Although Charlotte’s Web focuses on the relationship between Wilbur and Charlotte throughout the majority of the text, the passage that struck me as most interesting was, “as they passed the Ferris wheel, Fern gazed up at it and wished she were in the topmost car with Henry Fussy at her side” (p.154). This passage reflects the development of Fern from a little girl to the beginning stages of womanhood, where she is less concerned with childhood things, like her pet pig, and more interested in boys. Coupled with the recurring theme of motherhood, it seems like the author intended for this book to teach young girls not only about gender, but also about the naturalness of growing up. Motherhood first occurs with Fern saving and nurturing Wilbur as a baby pig and then with Charlotte teaching him the meaning of words and things about the world. Most importantly, Charlotte sacrifices her own life through exhausting efforts to save Wilbur’s life. Charlotte, the key symbol of motherhood in this novel, also finds meaning in her life by producing and securing the safety her own children even at her demise- a hallmark of motherhood.  This correlates with the text from Peter Pan with the line, “the nest must have fallen into the water, but would a mother desert her eggs? No” (p. 116). Thus, the idea behind motherhood conveyed in Charlotte’s Web is also found in many other children’s novels, teaching young girls that as mothers, they are expected to devote themselves to their children and make sacrifices when necessary. However, unlike in Peter Pan, Fern abandons her “baby,” Wilbur as she begins to grow up. Although this isn’t clear in the text, it seems possible that Fern, in her transition to womanhood, is trading childhood “play” of motherhood for future prospects of a genuine experience.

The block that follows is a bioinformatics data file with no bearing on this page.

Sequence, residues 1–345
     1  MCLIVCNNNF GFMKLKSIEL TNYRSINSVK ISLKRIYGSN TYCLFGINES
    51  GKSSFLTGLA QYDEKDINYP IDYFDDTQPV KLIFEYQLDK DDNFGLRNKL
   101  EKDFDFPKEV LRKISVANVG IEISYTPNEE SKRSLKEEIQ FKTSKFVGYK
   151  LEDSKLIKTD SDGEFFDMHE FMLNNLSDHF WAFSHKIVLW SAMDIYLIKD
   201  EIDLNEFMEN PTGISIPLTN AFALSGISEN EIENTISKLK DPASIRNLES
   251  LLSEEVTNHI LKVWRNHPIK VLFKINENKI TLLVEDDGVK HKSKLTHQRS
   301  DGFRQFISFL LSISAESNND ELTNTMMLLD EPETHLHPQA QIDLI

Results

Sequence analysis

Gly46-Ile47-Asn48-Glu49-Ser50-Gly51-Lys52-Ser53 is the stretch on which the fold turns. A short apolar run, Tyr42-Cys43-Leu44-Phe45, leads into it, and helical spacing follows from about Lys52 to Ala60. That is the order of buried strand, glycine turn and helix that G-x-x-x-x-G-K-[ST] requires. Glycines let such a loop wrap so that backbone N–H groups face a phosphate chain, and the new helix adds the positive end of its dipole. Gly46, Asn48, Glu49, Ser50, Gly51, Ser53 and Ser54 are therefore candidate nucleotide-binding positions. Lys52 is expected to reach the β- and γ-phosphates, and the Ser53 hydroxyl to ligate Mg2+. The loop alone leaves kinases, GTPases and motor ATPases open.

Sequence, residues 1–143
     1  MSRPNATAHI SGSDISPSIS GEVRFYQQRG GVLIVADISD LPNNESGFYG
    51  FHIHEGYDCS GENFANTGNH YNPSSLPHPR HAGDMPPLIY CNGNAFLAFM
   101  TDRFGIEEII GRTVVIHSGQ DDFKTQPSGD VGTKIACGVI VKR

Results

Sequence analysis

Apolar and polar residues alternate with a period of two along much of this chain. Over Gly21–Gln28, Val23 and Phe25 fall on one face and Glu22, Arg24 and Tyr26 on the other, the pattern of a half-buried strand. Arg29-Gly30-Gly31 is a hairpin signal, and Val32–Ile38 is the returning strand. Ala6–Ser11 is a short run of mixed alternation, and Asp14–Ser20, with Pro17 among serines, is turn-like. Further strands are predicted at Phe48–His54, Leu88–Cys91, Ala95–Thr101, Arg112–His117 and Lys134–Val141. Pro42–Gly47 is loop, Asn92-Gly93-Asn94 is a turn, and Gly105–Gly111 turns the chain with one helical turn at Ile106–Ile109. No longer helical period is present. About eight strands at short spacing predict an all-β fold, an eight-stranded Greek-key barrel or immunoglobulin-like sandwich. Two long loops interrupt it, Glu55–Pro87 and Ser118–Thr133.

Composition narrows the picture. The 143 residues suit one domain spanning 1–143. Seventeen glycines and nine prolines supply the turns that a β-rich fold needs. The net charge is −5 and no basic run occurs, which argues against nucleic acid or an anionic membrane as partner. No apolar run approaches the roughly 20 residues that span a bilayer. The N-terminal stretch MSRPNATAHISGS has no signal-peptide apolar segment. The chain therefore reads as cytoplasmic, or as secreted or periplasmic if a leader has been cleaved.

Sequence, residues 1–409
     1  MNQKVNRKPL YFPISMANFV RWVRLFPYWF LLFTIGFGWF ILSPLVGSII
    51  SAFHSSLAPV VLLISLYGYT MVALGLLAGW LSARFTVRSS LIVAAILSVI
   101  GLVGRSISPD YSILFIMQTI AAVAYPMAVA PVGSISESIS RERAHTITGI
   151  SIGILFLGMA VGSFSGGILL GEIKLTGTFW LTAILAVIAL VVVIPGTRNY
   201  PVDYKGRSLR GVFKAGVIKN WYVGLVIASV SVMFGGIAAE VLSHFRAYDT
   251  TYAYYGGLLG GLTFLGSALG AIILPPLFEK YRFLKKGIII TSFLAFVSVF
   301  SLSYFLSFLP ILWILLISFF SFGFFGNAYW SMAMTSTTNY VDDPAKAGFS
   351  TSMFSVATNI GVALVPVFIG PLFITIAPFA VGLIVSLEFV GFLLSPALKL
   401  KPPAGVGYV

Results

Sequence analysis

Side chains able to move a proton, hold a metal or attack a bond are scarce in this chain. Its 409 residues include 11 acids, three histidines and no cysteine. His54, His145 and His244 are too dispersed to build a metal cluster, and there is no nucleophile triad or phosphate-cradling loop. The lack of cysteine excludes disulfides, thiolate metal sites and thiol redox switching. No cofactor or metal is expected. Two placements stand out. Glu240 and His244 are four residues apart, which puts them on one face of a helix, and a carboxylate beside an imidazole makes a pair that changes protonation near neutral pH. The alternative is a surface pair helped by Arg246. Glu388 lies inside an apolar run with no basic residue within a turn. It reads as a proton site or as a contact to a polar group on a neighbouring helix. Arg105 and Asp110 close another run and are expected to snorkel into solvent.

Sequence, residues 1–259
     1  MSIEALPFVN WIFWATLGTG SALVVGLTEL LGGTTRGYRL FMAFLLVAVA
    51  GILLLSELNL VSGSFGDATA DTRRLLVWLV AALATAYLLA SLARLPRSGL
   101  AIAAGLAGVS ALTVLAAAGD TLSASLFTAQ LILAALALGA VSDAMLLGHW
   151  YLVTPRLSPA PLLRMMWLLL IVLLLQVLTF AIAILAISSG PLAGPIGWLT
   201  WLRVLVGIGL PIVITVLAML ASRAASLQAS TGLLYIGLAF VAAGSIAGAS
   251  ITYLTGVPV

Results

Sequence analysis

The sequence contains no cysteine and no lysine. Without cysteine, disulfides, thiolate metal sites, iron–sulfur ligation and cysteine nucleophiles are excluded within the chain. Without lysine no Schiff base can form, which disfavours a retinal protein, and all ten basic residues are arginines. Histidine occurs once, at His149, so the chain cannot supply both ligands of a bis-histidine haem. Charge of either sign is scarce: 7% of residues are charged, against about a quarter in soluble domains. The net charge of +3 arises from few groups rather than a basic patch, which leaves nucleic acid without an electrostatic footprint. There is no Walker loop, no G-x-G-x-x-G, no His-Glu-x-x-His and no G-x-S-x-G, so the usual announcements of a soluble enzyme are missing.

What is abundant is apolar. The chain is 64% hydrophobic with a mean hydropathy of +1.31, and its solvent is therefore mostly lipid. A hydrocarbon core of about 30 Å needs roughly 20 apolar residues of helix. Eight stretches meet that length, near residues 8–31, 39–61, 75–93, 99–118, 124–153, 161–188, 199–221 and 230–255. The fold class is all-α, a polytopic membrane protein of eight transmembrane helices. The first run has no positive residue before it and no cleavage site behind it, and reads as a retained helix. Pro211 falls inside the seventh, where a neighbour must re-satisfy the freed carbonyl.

Charlotte’s Web was my favorite book growing up as a child because I could easily relate to Fern. I have always had a soft side for animals and spent more time outside exploring nature, similar to Fern at her uncle’s farm, than playing with girls my age. I would always have my dog at my side and pretend it was my baby. I took care of it from the day I got it as a puppy. Like Fern, I started growing up and became involved in more things like sports, while simultaneously developing typical preteen interests like boys and movies, etc. However, this was the first time I’ve read this book since I was a young girl and it never occurred to me how prevalent motherhood and gender were. I also never paid much attention to Fern once Wilbur met Charlotte. It’s very interesting to me how subtle, yet noticeable Fern’s transition is now that I’m older. Despite the number of times I read this book, it wasn’t so obvious to me as a kid.

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